What awakens the sex hormones: our lust, your problem?

Women are unnecessarily complicated. Unfathomable, mysterious. In any case, it sounds like this when sexuality research is divided into “marvelous erections, who they are, what they do” and “female sexuality, or why it doesn't work”. Is that true?

What is true is that sex is complicated. A dream concert made up of different voices: brain and palpitations, relaxation and goosebumps, estrogen and a shot of testosterone. The more body parts we include, the better. Caresses release endorphins everywhere, reach different parts of the nervous system via the clitoris and labia and wake oxytocin on the breasts. This intensifies the climax long before we reach it. Our brain enables or slows this arousal – but not entirely, because moisture protects against injury. Everything is very complex and … universal. Across the gender spectrum. Men also like nipple play and a dash of estrogen. Their arousal fluctuates – with the day, year, and marital status – or produces morning erections without a head cinema. Nobody complains.

Getting moving: a women's problem?

The start of the excitement is more exciting. Because where it seems that it is enough for men to wag nude photos vaguely in their direction, women in the experiment are considered unpredictable to erotically blind. Admittedly, they show themselves to be less enthusiastic about erotic films. However, the enthusiasm increases as soon as women choose the films. And who knows where it would be if the majority of the films were produced by women. Or what they like better about it, when the length of the foreplay was the same. Fortunately, one can ask (because of unfathomable). Then you learn that arousal in women is predicted less by a potpourri of attractiveness and co than by one Question (complicated because of it): Can I put myself in it? Arousal arises from cognitive engagement. Perspective takeover. Even with pictures. And variety, unlike men, through changes in events instead of new actors. Accordingly, male literature describes “her breasts” and female literature “her desire” – and male protagonists can rightly feel neglected.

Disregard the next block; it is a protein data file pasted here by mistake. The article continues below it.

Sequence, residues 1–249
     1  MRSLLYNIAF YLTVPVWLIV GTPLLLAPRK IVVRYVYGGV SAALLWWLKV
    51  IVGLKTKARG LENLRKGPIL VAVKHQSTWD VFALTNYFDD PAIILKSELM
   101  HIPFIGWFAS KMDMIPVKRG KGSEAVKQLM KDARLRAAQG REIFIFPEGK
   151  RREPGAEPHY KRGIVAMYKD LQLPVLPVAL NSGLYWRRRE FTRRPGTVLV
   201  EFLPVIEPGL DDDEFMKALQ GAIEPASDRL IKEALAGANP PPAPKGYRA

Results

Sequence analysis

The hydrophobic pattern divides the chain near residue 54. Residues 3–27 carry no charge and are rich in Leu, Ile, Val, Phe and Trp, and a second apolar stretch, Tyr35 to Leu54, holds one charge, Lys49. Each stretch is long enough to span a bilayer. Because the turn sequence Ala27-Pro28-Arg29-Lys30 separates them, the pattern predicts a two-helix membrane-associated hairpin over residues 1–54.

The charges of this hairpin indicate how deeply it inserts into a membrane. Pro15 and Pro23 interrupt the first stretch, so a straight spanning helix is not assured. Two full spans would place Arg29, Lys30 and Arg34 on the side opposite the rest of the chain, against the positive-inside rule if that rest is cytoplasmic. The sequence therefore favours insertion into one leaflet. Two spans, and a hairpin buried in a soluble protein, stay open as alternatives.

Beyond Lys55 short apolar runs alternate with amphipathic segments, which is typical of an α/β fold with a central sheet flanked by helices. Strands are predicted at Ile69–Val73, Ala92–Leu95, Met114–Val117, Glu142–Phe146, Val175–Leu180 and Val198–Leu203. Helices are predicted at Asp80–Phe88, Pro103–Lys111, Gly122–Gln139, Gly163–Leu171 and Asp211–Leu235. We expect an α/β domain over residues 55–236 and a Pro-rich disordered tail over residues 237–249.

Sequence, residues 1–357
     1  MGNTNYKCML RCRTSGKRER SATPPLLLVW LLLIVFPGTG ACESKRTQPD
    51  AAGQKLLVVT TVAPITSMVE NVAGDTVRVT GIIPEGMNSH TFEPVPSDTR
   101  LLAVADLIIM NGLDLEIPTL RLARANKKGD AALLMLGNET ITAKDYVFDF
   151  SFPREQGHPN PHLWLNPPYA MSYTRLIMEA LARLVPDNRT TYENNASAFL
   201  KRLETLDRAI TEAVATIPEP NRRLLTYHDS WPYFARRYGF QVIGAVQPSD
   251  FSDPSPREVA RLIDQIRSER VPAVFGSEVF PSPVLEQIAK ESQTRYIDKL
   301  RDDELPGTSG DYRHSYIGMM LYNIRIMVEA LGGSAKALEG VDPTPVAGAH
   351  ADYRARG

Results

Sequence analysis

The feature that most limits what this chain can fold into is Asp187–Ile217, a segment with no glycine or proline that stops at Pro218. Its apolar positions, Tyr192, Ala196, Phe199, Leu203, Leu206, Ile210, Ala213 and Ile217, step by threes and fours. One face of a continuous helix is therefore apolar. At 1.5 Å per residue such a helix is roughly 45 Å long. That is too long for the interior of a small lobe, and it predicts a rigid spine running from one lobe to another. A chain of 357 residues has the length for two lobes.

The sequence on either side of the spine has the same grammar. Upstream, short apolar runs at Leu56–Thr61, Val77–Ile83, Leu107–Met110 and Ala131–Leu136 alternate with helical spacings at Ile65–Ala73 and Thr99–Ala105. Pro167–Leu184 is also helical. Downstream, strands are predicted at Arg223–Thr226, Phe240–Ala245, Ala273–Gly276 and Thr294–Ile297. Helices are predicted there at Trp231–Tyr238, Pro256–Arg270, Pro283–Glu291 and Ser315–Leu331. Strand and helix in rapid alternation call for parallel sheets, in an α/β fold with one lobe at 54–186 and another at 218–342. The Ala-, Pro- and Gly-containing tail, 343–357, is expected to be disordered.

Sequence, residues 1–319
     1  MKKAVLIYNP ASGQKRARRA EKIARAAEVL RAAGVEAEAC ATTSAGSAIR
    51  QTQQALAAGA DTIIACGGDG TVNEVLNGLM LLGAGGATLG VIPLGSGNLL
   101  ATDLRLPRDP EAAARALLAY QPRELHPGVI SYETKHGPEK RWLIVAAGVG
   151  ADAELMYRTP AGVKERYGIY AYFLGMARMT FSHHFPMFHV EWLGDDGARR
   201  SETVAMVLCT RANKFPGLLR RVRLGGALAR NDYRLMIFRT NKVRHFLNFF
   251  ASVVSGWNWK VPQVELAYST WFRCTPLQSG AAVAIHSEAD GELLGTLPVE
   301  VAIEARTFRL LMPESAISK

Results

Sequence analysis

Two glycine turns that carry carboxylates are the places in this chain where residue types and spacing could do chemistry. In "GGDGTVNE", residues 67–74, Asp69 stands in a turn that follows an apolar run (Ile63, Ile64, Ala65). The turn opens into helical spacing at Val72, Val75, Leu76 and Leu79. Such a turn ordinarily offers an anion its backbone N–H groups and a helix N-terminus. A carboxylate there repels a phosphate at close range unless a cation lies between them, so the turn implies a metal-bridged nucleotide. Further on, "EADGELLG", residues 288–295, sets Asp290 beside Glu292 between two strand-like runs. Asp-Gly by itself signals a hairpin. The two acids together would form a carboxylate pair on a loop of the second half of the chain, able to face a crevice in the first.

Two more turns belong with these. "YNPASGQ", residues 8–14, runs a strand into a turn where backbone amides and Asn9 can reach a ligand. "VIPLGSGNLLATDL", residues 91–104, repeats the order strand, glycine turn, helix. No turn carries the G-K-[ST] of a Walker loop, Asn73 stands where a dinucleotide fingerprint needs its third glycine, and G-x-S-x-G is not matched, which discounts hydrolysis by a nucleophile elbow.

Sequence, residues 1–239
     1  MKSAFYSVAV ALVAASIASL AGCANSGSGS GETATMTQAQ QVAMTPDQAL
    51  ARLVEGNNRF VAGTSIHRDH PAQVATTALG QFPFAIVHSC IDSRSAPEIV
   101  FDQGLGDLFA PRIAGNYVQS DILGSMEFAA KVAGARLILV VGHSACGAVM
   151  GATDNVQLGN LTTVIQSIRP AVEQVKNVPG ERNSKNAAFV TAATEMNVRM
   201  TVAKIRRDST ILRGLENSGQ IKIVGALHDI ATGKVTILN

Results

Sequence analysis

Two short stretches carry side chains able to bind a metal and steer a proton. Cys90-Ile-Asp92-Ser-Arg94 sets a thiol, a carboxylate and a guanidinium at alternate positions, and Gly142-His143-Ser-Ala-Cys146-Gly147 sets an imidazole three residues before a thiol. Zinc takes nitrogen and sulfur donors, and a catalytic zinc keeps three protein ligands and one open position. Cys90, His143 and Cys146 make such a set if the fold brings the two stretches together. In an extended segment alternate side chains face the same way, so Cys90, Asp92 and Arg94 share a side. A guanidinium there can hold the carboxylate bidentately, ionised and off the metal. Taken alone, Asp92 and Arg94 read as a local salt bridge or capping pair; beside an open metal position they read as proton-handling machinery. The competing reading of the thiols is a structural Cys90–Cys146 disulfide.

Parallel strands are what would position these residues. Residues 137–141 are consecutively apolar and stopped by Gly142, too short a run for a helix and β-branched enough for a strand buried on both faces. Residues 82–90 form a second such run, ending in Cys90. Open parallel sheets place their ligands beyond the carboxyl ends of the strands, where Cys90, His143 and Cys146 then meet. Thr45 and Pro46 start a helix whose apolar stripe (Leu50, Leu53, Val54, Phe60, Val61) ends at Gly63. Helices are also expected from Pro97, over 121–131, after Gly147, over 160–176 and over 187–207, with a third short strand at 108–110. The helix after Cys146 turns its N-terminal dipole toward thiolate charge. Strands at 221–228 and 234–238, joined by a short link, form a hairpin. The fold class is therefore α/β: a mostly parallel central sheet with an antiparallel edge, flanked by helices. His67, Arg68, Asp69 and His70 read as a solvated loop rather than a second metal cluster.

Maybe that fits the sex hormones

Where testosterone makes us excited and a bit prefrontally foggy, estrogen works in upturned U-curves. First it supports the prefrontal cortex and its working memory, then it overwhelms it and gives us daring impulsiveness – and the egg cells like it. Such a wide-awake social-emotional network wants to be employed. Women ponder more and maybe that's why they prefer to use their thoughts for erotic fantasies during sex – before they digress and turn to the tax return. If these fantasies are still adventurous to captivating, the focus and erotic sensation sharpens. No wonder, because thrills as well as testosterone awaken the amygdala and it can tunnel vision. To the delight of men, whose amygdala generally reacts more strongly to pornography. Nevertheless, the detour through thinking has advantages: When women let their eyes wander, they win new excitement from old films. Women with the pill use the same strategy for arousal despite suppressed sex hormones. Women are also flexible when it comes to the sex of the sexually depicted, as long as something happens. In general, when it comes to sexual orientation: women often describe themselves as bisexual or "straight until I have a crush on this woman".

Every gender offers scope.

And sex could be so much nicer if we see it as a sport: as teamwork. As a buddy movie in which we gather. Instead of seeing men as a yardstick and women as a problem, it is best to quote an unspeakable 80s study that names ~ 50% of them sexually dysfunctional. We not only overlook scientific botch-up and a conflict of interests in pharmaceuticals, but also the at least as logical counter-conclusion “sex with men less popular than last season Game of Thrones”. 150 years after psychology preferred to invent the vibrator than to explain to men what a clitoris is. Progress is different. Lust too.

Dr. Franca Parianen, born in 1989, worked at the Max Planck Institute for Human Cognitive and Brain Sciences in Leipzig. In recent years, she has been researching the origin and structure of human coexistence at the level of neurons and hormones at the Helmholtz Institute at Utrecht University. Since 2014, the Berlin resident has been active as a science slammer and slamt among others. at medical congresses, in theaters and at trade fairs.

In her latest book, the bestselling author writes on a topic that concerns all of us: hormones! They are the main messengers between the body and the brain. What happens to us when we jet through time zones, father children, paddle on cell phones and cry in the cinema? Why are we more suspicious of hormonal fluctuations than hormonal agents? And where's the pill for the man? Franca Parianen reports in a knowledgeable, rapid and entertaining way about the interface between heart and brain, health and thoughts. "Hormone-controlled is self-determined" was published by Rowohlt Verlag.

Cover hormone-controlled is self-determined